Gautaman Bhaskaran
an indian journalist
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Social Concerns


Big racism

Much as we would like to believe that racialism is dead in Britain, the Channel 4 Celebrity Big Brother show revealed that there was still a side to the island nation which was not exactly tolerant to brown or black skin. The on-going episode of what is called reality television conveyed this beyond reasonable doubt.

Shilpa Shetty
Unlike in the U.S., where racism exists in the extreme fringes of society -- like what we saw during Hurricane Katrina when white supremacists ill-treated the black underclass -- it is an everyday affair in Britain. In the U.S., built on immigration, one is an American first and a black or a brown next. But in the U.K., you are an alien unless you can moan about the weather or talk about tea to prove that you are British and “propah”.

Indian Bollywood star Shilpa Shetty, who is part of the Big Brother show, was racially abused and taunted.

Celebrity Big Brother brings together several contestants, who live in a house fitted out with cameras. Their patience and tolerance are tested as they mix and mingle with strangers. The winner is the one who outlives the others, who may either walk out or be voted out by a viewership poll.

Jane Goody, a British actress and participant in the show, called Shetty a “Paki”, a derogatory term for the people of the Indian subcontinent, and used other forms of verbal abuse, including bitch, that clearly bordered on racism.

Shetty was in tears, and the show may have continued on such a note of ugly prejudice had not Gordon Brown’s visit to India coincided with the episode of reality television.

Brown is Britain’s Prime Minister in waiting, and when he suggested while he was in India that a call to oust Goody would be a “vote for tolerance”, five million viewers responded. As much as 82 per cent said that Goody must leave the house. She was then evicted.

The uproar against Goody found an echo in the British Parliament, when Prime Minister Tony Blair had to make a statement during question time. British Education Secretary Alan Johnson argued that "British values" need to be taught in schools to combat the "ignorance and bigotry" seen on the show. Senior managers of Channel 4 are now debating whether they should do away with this programme.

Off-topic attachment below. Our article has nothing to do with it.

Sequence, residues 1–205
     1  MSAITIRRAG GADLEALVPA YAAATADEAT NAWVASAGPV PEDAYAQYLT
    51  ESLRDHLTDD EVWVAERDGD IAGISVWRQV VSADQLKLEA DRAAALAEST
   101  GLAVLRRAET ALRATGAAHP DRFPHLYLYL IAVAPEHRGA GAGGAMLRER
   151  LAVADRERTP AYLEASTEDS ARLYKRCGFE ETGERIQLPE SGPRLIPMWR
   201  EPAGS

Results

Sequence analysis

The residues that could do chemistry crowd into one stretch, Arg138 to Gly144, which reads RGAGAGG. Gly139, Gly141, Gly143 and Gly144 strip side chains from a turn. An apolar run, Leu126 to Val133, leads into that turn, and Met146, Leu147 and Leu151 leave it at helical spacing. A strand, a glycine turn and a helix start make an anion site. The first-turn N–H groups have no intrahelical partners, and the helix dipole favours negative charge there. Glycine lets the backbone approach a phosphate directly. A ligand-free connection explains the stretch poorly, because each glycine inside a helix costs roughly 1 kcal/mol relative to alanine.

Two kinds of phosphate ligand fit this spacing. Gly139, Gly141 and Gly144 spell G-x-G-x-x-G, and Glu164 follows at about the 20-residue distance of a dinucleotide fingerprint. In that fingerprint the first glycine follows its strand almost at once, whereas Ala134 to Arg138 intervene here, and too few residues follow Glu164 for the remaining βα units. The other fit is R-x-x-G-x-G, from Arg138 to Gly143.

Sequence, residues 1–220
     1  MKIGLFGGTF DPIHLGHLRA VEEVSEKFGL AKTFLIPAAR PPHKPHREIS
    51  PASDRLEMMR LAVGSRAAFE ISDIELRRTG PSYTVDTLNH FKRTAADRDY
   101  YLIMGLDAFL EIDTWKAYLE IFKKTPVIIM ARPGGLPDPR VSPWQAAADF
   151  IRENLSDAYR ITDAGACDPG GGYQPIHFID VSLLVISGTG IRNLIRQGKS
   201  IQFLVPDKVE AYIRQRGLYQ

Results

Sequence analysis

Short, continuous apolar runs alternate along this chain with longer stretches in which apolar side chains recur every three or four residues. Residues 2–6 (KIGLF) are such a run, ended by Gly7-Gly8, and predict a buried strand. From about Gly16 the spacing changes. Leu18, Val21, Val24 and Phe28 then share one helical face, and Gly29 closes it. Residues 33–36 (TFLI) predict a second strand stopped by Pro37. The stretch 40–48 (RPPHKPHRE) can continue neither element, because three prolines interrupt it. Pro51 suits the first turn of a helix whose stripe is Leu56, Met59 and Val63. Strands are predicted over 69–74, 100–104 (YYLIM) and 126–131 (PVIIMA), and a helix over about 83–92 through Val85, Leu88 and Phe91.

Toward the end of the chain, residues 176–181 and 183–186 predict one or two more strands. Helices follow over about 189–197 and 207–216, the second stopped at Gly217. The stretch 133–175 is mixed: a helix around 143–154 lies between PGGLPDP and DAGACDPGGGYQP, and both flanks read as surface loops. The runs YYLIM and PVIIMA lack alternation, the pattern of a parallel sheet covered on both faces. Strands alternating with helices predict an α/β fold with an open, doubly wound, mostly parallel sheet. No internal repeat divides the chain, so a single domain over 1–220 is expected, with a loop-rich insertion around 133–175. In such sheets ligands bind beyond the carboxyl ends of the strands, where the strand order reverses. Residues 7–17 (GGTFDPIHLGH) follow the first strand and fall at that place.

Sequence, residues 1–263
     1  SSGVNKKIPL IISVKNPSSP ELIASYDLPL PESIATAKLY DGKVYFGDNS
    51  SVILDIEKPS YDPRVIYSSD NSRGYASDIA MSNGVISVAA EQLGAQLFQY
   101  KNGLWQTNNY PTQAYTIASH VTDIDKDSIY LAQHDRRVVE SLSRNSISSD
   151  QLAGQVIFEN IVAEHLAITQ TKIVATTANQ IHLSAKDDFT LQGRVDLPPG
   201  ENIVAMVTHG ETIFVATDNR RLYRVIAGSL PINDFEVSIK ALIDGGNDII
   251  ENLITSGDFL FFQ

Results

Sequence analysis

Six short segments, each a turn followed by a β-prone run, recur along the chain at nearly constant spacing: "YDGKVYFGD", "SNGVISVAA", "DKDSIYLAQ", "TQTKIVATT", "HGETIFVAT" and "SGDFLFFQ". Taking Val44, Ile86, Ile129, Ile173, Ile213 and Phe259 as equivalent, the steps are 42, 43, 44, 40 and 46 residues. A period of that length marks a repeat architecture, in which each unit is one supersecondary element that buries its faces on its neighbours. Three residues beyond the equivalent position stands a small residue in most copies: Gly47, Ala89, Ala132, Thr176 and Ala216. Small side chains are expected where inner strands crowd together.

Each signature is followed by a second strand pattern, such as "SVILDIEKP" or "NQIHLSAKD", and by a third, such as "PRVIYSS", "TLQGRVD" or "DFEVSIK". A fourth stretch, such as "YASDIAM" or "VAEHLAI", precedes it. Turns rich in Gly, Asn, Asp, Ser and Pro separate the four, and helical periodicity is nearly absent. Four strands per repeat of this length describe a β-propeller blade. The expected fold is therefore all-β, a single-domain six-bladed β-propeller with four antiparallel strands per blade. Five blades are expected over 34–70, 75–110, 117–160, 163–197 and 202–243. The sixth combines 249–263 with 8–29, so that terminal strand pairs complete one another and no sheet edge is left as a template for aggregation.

Big Brother is a popular reality television format, where for around three months, a number of contestants (normally fewer than 15 at any one time) try to win a cash prize by avoiding periodic publicly-voted evictions from a communal house.

The show, a kind of “real life soap” invented by Dutchman John de Mol, was developed by his production company, Endemol. It has been a prime-time hit in almost 70 countries. The show's name comes from George Orwell’s 1949 novel, “Nineteen Eighty-Four”, in which Big Brother is the all-seeing leader of the dystopian Oceania.

However Big Brother appears to have degenerated into a racial slurring match. This was apparent this time, when Shetty chose to get closeted with Goody and others in the House.

The question is, does the Big Brother show reflect what is actually happening outside on the streets of Britain. Renowned Indian writer and television producer, Farooq Dhondy, who has lived in Britain for a very long time, told the media recently that he and his family had been targetted by English racists. He said that once he was beaten up only because he had happened to dance with three white women. In an other incident, his daughter was all of a sudden jeered at and ostracised by her school mates, who said that she smelt of “curry”. The little girl was traumatised.

But to accuse Britain alone of racism may be a trifle unfair. A young friend of mine studying in Australia’s Sydney University was spat upon by a group of boys and called names, because he was brown.

Even in America despite its liberal outlook, the post 9/11 period saw a spurt in racial attacks that arose largely out of anger against what Islamic fundamentalists had done. Unfortunately, Indians, sometimes non-Muslims among them, faced the wrath of some misguided Americans.

In France, moderates were appalled when the television personality and self-appointed social commentator, Pascal Sevran’s recently published book included the obscenely racist idea that the "black [penis] is responsible for famine in Africa." Elaborating in a newspaper interview, Sevran said, "Africa is dying from all the children born there" to parents supposedly too sexually undisciplined or dumb to realise they could not feed them all. The answer to the problem? "We need sterilize half the planet".

Sevran's prurient opinions are but the latest addition to the growing racist chatter in the French mainstream. A month earlier, a Socialist political kingpin in the Montpellier region sparked fury — and possible expulsion from the party — by lamenting that France's national soccer team fielded "9 blacks out of 11" starting players. "I'm ashamed of this country," in which "the whites are lousy," he groused.

In South Korea, a reader recently wrote a letter to a newspaper editor saying how her job resume to a company had been rejected because she was not white. The reader added that the firm had the audacity to tell her that South Korea had always been a racist nation, and blacks like her had no place there.

Admittedly, man has always lived with racism. The Jews faced persecution. So did the infidels during the Crusades. But Big Brother House has merely magnified it for the world to see. And, feel a sense of shame.

(Posted on this website on January 27 2007)